I did make a a great discovery with my silk organza.  Tuesday’s sample discharged beautifully, but didn’t lay down any new color.  I thought this might have something to do with the material’s position in the steam bath.  Normally, all of the vat dyed fabric is loosely rolled inside of a piece of fabric and steamed (like a jelly roll); the vat dyed material is not directly exposed to the steam.  The steam has to penetrate through the sheet to reach the material; sometimes through a few layers of fabric if it’s on the inside of the jelly roll.  For my experiment, I decided to steam the organza outside of the sheet; meaning it was directly exposed to the steam.  The result was much more color laid down.  Still no haloing, but a definite improvement.  I screened grey on there and love the silver effect that I got.  I will try to replicate the results in the next session.

vat dyed silk organza

vat dyed silk organza

Here’s a detail:

Detail

Detail

 

This piece of organza was on the inside of the roll and it didn’t even discharge all that well.  No new color laid down; I may be on to something.  I have more organza that I will experiment with on Thursday and try to confirm my conclusions.  I use organza all the time in my pieces and would really love to get that haloing effect on the translucent fabric.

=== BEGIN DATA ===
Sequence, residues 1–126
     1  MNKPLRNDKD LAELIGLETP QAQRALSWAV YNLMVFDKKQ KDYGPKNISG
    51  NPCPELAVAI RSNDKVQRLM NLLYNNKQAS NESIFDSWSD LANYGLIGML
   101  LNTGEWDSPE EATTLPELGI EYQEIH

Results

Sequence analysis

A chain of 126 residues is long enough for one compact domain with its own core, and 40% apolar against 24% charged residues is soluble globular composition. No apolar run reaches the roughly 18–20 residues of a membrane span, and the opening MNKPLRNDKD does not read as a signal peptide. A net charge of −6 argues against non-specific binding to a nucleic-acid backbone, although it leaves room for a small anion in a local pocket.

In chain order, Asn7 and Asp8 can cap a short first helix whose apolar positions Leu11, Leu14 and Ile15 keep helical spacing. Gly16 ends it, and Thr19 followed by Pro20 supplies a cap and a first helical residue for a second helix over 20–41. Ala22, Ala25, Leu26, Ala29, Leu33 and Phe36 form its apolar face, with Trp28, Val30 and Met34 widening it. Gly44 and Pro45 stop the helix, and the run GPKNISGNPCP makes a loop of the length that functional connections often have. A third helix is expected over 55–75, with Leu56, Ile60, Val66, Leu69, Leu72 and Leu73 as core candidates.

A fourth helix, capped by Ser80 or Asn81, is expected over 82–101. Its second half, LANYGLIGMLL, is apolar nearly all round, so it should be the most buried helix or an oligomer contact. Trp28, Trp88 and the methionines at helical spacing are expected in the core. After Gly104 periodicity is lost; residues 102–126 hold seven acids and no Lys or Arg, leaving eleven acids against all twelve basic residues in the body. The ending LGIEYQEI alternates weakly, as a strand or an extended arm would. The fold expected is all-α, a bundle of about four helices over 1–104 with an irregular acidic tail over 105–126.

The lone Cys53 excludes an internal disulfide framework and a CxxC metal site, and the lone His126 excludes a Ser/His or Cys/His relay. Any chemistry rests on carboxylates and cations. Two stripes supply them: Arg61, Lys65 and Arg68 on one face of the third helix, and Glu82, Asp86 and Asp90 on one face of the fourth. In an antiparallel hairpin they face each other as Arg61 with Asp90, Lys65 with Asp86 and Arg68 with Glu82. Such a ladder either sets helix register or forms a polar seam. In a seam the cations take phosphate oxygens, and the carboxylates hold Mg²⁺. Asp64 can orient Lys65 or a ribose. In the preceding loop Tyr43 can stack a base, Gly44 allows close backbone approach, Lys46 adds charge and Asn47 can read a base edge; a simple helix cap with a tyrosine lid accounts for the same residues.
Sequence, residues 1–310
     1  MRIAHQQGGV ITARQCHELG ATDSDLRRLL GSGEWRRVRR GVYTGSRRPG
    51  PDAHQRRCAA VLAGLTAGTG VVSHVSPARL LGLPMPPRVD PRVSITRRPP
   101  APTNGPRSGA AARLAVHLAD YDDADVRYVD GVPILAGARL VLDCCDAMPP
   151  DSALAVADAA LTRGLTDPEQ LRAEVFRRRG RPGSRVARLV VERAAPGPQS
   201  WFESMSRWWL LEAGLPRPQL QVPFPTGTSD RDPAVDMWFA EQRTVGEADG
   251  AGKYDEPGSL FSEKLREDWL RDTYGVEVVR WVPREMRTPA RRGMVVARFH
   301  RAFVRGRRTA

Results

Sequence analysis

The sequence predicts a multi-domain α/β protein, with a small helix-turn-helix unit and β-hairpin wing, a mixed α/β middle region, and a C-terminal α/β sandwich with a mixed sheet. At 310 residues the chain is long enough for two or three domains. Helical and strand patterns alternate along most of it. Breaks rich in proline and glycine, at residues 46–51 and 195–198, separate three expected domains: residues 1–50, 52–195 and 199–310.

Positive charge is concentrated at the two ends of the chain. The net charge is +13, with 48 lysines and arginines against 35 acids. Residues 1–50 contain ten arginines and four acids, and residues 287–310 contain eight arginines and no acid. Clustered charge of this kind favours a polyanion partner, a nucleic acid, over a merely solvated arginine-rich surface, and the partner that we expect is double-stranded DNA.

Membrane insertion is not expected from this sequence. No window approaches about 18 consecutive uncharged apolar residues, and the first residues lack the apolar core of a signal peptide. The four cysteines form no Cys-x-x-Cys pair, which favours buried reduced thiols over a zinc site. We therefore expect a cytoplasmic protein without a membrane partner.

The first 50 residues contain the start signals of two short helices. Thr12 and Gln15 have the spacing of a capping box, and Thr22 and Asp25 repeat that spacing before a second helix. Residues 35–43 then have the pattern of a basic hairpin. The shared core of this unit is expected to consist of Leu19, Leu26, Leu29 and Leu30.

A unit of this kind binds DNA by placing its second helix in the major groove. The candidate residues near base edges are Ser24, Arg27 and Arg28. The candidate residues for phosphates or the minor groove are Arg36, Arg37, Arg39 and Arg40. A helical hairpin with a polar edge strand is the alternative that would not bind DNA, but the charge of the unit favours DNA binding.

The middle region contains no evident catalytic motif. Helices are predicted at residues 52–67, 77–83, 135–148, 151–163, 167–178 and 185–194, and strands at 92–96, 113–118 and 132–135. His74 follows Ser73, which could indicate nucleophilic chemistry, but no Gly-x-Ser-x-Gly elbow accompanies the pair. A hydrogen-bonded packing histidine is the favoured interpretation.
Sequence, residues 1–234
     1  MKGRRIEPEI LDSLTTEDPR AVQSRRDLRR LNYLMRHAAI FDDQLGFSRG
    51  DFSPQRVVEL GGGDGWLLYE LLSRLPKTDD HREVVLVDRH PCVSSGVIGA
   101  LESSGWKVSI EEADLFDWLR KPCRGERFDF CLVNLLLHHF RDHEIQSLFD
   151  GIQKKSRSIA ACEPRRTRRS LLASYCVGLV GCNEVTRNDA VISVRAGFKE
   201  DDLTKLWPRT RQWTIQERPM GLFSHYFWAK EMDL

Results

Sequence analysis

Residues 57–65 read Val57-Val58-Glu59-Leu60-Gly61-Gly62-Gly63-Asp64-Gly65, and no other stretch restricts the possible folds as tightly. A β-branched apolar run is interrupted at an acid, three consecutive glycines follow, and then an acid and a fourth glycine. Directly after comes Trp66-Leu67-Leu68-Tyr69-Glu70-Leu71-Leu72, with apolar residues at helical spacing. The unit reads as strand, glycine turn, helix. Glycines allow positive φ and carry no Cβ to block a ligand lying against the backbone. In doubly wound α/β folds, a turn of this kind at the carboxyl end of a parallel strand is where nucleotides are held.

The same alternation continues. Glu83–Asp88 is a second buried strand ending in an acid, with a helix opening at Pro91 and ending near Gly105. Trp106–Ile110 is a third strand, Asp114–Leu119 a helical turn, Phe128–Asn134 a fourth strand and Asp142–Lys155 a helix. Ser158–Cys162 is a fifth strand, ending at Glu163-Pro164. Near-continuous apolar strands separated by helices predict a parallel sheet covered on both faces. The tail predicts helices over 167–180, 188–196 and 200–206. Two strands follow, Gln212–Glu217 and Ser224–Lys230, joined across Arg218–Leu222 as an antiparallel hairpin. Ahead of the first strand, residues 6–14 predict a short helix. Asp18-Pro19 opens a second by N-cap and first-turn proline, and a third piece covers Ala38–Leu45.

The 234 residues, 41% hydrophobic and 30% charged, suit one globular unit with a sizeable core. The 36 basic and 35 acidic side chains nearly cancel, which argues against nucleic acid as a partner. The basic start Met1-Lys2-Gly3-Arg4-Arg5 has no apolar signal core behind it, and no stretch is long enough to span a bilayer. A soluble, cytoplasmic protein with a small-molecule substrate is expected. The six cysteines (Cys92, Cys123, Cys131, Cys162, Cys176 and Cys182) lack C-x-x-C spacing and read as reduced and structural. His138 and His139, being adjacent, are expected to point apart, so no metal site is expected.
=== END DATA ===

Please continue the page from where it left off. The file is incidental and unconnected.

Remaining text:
more organza

more organza

ThursdayI will be adding another layer of vat dye to the scarves I did on day one and playing with these organza pieces some more.  I will take pictures of my set up and process to try to paint a clearer picture of things. 

Comments/discussion from anyone else working with vat dyes would be greatly appreciated.  I would love to know whether anyone has figured out any hard and fast rules with this process.  It seems fairly random to me right now!

Vat Dyeing Experiments-Day 1

Tuesday, October 27th, 2009

Yesterday was the first chance that I have had to experiment with the vat dyes that we made up at Barbara Schneider’s fabulous workshop.  I have more batches steaming as I write this, but here are my results from yesterday.  My results are really unpredictable.  I think I’ll be at this for quite a while before I can get results I expect with any consistency.  I dyed hand dyed cottons, silk organza and silk charmeuse.  All had been previously dyed with Procion MX dyes. 

The most disapointing results were on my silk organza.  I discharged beautifully, but didn’t lay down any new color whatsoever, despite having used 3 different colors.  I have a few more pieces in the steamer right now to see if this is a consistent result.  Here’s yesterday’s offering:

Procion MX dyed silk organza screened with vat dyes

Procion MX dyed silk organza screened with vat dyes

 The silk charmeuse had mixed results; both scarves had good color, but one haloed quite a bit more than the other.  I am wondering whether this is a function of where it is in the steamer.  The materials are rolled up and set in the steamer; maybe the proximity to the outside of the roll has an effect.  I’ll try to experiment more with this.  Here’s the first scarf.  The color is great, but not much haloing: